Disc golf course takes off

Model plane runway stalls; city to help find another location

Posted: Wednesday, March 06, 2002

Juneau model airplane enthusiasts won't get a runway at Amalga Meadows, but will receive help from the city to find a place to fly.

The city's Parks and Recreation Advisory Committee on Tuesday unanimously turned down a proposal from the Gastineau Aeromodelers Society to install a 70-by-400-foot grass runway at Amalga Meadows for model planes. Instead, the panel directed Parks and Recreation Director Kim Kiefer to work with the group and other landowners to find a permanent place to fly.

But the panel unanimously granted a request to put a nine-hole flying disc golf course at Dimond Park until a proposed high school is built on the site. The project will require minimal tree trimming and clearing, Kiefer said. To play, people throw Frisbee-type discs at above-ground baskets called pole holes.

Ray Rusaw, field coordinator for the aeromodelers society, said he was "a little bit disappointed" in the Amalga Meadows decision, but happy the group got as much cooperation as it did. Flat land is at a premium in Juneau, he said.

"I'm not going to quit on this idea. It's something I believe in doing. It's family-oriented recreation," he said.

Amalga Meadows is near mile 25 of Glacier Highway and is designated as a semi-primitive recreation area and a "natural area" park. In the long term, the city hopes to upgrade trails in the area, add picnic shelters and install a platform for stargazing, Kiefer said.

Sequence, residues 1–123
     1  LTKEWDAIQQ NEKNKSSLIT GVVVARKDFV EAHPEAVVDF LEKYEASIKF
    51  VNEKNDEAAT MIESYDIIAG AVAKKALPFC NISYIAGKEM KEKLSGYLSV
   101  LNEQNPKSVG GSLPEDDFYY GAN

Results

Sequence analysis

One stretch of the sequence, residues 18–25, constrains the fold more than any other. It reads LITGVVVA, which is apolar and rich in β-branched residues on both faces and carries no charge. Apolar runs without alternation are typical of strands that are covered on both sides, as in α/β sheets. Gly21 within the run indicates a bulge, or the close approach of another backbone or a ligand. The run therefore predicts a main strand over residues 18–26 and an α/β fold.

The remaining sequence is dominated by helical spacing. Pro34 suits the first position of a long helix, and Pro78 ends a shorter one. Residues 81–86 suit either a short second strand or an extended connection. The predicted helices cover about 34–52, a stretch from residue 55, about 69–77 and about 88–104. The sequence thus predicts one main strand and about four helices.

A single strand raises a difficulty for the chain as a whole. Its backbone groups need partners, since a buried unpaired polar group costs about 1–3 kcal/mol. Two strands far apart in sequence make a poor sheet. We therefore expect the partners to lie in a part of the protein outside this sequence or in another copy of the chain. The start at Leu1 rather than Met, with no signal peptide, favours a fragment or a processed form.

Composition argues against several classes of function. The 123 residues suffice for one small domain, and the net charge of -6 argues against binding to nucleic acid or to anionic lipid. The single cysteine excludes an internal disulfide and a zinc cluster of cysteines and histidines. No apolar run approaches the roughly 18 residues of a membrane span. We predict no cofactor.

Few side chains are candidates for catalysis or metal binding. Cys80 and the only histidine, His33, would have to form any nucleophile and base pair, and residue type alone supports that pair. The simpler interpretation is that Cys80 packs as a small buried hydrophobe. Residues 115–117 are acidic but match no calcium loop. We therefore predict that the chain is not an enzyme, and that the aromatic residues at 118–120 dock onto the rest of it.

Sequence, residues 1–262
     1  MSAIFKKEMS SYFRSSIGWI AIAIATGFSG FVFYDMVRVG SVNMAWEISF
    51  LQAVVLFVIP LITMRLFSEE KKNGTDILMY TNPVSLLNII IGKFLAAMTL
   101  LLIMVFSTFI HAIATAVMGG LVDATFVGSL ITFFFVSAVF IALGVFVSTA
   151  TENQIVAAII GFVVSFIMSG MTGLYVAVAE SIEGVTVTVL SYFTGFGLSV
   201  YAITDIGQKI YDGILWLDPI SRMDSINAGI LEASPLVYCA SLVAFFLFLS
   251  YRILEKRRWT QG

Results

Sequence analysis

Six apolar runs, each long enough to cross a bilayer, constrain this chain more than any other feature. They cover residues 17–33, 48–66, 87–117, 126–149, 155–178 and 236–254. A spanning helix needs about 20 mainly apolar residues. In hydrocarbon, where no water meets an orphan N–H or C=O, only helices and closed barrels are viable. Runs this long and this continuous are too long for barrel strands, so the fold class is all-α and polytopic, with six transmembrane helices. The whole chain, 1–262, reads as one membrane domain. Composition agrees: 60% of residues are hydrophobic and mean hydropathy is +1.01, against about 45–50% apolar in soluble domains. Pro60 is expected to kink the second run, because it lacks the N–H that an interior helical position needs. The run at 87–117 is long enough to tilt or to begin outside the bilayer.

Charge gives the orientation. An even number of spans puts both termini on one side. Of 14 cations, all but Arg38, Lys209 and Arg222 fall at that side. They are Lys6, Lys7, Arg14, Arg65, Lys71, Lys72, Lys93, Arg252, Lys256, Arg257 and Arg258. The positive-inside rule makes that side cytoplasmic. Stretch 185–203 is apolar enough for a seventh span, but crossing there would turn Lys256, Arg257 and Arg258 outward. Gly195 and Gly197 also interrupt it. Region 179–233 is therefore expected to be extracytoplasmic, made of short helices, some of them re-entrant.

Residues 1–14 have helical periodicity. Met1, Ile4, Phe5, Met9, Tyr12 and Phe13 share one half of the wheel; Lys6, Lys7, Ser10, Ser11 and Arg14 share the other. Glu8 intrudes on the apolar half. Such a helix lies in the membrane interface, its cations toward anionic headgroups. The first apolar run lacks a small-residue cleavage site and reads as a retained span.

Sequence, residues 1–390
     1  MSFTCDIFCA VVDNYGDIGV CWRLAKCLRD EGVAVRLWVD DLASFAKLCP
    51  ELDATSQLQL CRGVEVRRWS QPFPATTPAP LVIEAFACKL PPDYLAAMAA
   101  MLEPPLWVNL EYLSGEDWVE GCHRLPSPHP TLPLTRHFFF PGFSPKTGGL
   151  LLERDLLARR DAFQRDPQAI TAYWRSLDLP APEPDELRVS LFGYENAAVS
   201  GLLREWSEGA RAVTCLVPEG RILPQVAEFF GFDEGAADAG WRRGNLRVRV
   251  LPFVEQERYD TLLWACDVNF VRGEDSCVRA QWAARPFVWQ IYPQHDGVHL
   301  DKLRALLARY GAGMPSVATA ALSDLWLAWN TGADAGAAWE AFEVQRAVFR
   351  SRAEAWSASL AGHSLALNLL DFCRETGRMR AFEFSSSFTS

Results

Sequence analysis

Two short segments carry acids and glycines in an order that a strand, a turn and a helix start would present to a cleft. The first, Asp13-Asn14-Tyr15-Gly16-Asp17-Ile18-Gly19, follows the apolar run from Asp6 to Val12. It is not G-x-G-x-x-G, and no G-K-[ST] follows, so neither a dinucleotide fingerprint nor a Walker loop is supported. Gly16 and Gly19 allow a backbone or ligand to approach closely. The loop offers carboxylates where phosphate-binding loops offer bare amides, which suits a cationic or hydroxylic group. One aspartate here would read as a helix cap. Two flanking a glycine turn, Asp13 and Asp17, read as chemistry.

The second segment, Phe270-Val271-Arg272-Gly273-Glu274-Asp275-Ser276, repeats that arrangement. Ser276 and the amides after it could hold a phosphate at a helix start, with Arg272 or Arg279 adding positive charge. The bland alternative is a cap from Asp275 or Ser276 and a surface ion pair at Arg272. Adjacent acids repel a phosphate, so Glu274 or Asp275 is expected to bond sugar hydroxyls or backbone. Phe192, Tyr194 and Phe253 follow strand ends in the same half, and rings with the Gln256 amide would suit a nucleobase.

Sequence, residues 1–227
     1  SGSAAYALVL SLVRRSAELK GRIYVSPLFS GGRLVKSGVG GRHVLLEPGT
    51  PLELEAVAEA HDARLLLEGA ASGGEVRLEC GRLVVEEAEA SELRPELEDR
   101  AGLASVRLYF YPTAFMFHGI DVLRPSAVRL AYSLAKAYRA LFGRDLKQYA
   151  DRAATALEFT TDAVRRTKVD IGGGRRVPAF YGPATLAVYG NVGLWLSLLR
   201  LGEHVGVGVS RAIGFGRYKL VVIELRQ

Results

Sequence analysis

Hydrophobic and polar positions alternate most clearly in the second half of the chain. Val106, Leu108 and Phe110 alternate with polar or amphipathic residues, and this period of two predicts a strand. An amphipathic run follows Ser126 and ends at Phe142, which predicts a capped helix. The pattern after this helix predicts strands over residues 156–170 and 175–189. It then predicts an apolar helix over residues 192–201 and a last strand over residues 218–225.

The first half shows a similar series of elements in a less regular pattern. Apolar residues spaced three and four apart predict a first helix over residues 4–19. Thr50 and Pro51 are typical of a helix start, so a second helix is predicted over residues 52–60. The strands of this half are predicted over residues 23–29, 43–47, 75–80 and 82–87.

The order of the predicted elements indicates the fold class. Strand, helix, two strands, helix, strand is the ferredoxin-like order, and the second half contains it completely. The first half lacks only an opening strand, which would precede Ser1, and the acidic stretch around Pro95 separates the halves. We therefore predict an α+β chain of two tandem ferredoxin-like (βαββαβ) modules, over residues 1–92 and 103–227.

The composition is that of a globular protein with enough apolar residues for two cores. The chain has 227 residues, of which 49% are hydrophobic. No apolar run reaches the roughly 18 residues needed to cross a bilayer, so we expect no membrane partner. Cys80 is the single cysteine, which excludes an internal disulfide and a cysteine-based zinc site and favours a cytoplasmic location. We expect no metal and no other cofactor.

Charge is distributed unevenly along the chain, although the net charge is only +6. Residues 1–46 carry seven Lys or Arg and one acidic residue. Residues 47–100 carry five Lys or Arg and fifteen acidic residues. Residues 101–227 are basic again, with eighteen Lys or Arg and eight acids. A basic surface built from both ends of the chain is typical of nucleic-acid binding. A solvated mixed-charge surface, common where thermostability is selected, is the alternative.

Committee member Lynn Bartlett said the aeromodelers' request wasn't compatible with Amalga Meadows.

"I support the club, but I cannot support the location," she said. "It's going to take a lot of work with a lot of people to make this go. There's a way to make it happen, but Amalga is just not the place."

Over the years, group members have flown at Dredge Lakes, Lemon Creek, Dimond Park and the current Juneau Community Garden site. Currently, they fly at the Mendenhall Glacier parking lot during the winter and at Eagle Beach and Sheep Creek in the summer.

Ray Lemons said 60 to 80 people in Juneau fly model planes, and they need lots of space away from other people.

"We've literally been chased out of everywhere," he said. "I don't drink, I don't smoke and I don't run around with wild women. My only hobby is my model airplanes."

Other public comment focused on noise, safety and wildlife. Karla Hart said she has been going to Amalga Meadows for the past 40 years to hike, cross-country ski and snowshoe.

"Part of the reason why it's so special is because it's one of the few areas left in town that's still pretty darn quiet," she said.

Kiefer said she will work with the U.S. Forest Service, the state, other landowners and the aeromodelers to find a permanent home for the group. Rusaw said Crystal Lake or Eaglecrest Ski Area may be possibilities.

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